What, exactly, does "inherently evil" even mean? It's a concept that doesn't really exist in the world. Are sociopaths inherently evil? Sociopaths are generally considered to be 'malfunctioning' in some way; for a number of reasons, they display antisocial behavior, and on the extreme end, may seem to be "evil". Nobody forced them into this behavior; in truth, there's very little one can do to coerce somebody into being "evil". The choice is always still there, you can always choose to not steal a cookie/say mean things to people/eat the census taker's liver with some fava beans and a nice chianti. That said, there's evidence that sociopaths have significantly different neuroanatomy that "causes" their behavior.

Any way you slice it, this is going to come down to ethical philosophy. What is evil? What makes a person evil? Who decides what evil is and isn't? Why is it that, just because I like to hear the sounds of dying babies, I'm evil? I mean, Conan just loves listening to the lamentations of his enemies' women, but that doesn't make him evil.

"Inherently evil" is a storytelling device. That much we agree on. But I disagree that it's "lazy" storytelling. For it to be lazy storytelling, it has to be a shortcut to doing work, in this case to explain an evil motive. This suggests your belief that evil must be externally motivated, or at least be explained by a Freudian excuse. In my opinion, this is a total cop-out. It excuses "evil" by reducing it to something that you can understand and possibly sympathize with. In doing so, you drop the ball on holding "evil" accountable. Sure, there are plenty of rationalizations for evil. But to force the concept of evil to adhere to rational motive? To disregard, out of hand, anything potentially worse than that? By definition, evil is everything that is wrong and bad. It is abhorrent, vile, disgusting, and disturbing. By reducing it, you neuter it into a form that is more comfortable to you, as though evil is something you're supposed to be comfortable with. If you can't stomach it, that's fine. But please don't accuse me of laziness, simply because I allow such irredeemable horror to exist.


I like Golarion quite a bit. If it came down to having to choose between the ruleset or the campaign setting, I'd be running Golarion with a different ruleset. I started playing AD&D 2e in 2007, and the group I play with has gone through serious growing pains. But we've settled down and Golarion is my RPG home. My DM has some serious love for some pre-Spelllplague FR, though.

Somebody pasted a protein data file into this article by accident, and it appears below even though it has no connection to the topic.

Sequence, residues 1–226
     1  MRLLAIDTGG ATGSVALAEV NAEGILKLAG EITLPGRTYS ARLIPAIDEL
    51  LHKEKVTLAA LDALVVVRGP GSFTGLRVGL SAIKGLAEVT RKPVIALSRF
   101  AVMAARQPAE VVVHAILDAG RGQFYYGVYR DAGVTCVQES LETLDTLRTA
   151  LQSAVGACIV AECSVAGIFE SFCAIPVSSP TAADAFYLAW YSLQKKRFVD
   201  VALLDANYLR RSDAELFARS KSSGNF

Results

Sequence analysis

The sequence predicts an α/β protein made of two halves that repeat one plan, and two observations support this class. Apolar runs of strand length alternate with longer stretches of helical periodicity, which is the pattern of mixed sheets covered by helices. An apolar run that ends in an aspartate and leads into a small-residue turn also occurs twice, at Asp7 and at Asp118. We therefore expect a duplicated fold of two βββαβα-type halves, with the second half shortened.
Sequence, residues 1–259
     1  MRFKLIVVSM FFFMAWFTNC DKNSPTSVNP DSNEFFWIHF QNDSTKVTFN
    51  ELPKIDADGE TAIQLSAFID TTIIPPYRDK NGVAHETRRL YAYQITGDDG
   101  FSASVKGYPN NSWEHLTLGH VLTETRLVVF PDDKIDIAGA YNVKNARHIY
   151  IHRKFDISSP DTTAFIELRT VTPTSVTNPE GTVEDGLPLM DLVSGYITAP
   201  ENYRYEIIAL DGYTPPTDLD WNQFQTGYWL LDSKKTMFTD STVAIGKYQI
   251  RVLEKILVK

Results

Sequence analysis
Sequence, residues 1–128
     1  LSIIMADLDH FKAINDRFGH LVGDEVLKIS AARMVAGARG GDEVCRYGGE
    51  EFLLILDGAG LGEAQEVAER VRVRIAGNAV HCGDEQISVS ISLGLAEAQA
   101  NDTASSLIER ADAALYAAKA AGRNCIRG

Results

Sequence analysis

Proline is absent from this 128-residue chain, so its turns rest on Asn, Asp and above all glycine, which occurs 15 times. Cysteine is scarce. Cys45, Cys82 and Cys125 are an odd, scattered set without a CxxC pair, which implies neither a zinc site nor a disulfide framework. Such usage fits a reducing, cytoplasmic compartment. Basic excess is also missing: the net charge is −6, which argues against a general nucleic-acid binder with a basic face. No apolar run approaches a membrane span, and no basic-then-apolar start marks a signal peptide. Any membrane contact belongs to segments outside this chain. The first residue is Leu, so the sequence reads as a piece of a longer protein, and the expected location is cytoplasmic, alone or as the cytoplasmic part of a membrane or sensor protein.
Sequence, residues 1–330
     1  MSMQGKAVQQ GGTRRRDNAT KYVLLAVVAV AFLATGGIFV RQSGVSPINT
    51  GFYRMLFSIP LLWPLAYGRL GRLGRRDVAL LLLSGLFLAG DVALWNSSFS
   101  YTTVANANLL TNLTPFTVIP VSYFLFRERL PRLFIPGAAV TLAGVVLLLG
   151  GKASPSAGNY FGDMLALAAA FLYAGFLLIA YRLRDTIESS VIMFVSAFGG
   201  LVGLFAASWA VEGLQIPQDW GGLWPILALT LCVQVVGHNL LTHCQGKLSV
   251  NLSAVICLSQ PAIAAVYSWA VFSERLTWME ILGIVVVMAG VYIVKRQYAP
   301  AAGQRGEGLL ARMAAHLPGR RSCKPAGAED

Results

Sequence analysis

Aaron Scott 139 wrote:
I wonder how useful a rogue would be in this setting. This feels like a setting for holy rollers and face pounders and uber spells. Is the rogue a good fit here?

Totally! There isn't much that's immune to a good old-fashioned sneak attack, and there's a prC for Low Templars, folks who come to Mendev for less-than-righteous reasons. The Crusade has been plagued with internal conflict, and a sizable portion of the crusaders are people you wouldn't want to meet alone in a dark alley. Try "The Worldwound Gambit" for some Worldwound rogue action.


I'm interested in going for a Kellid. Possibly barbarian, but summoner is also extremely flavorful. God-caller? Synthesist drawing on the might of his ancestors? I'd like to be cursed with an Abyssal disease, looking to die in glorious battle rather than waste away as an infirm. I hope we get some new curses/diseases for this one; that's kind of Deskari's thing.


There's plenty of not-good in Mendev. There's a whole PrC dedicated to the Low Templars, the not-so-righteous members of the crusade. It's well-known that a good portion of those coming to fight aren't in it for the right reasons.

There's definitely lots of room for a paladin, but it's by no means the "paladin path". You could play an inquisitor of Iomedae who's joined up with the Burners (think Salem witch trials in the worst way), a criminal from Lastwall sent to fight to work off his punishment, a mercenary in it for the gold, a Kellid barbarian descended from the people of Sarkoris (the barbarian kingdom that got wiped off the map when the Worldwound opened). A vocal minority here on the boards are going to be playing followers of Asmodeus. There's lots of room for characters of all stripes.


Personally, I like that the drow were evil to the last man (elf). I'm not advocating racism or genocide. I try to be a good person. But I personally found it refreshing that the setting allowed for a race of evil. Lots of people seem to think that that's a straitjacketing proposition, a race of automatically-evil creatures. But really, it's liberating; it adds more options, specifically the option to not have to justify being totally evil. Sometimes you just want to play a bad guy. Not Freudian excuse, just a really bad attitude. We all have those days, and sometimes less is more when it comes to RP.

It's all well and good if you want drow to be more sympathetic, with at least some capacity for redemption. But I prefer to preserve some degree of acceptable target syndrome. That's just how I like my fantasy. People don't seem to question the rampant slaughter of orcs in LotR. Nor do they seem to disagree with the Pathfinder goblins, who are hilarious but very much Always Neutral Evil. That's one thing I love so much about them.

The issue hinges on the nature of philosophical concepts such as good and evil. In the real world, these are immaterial considerations, highly nuanced and horrendously vague. But in Pathfinder, Good and Evil, Law and Chaos, these are fundamental properties of the universe. They're as real as fire, water, earth and air. If you're Evil, you're made of evil. You can't change that any more than an earth elemental can be made of air. It seems that this gets glossed over for denizens of the Material Plane, but that's because mortals aren't made of evil. Mortals are fundamentally malleable. So why are red dragons always chaotic evil? Why are goblins always neutral evil? Do they have to be? Those are questions for you to answer for yourself. The developers have given us their take on what makes drow Always Evil. I, for one, am content to let Evil be evil. It's just more fun for me that way. Evil gives the drow their racial identity. Because, without Evil, what are drow? They're elves with black skin and white hair. It's like the difference between Garundi and Avistani; cosmetic and cultural, but ultimately just another flavor of human. And I want more from drow than just chocolate elves. More like a gingersnap cookie. The kind that hurts just a little bit, makes you want another bite. An Evil cookie, if you will.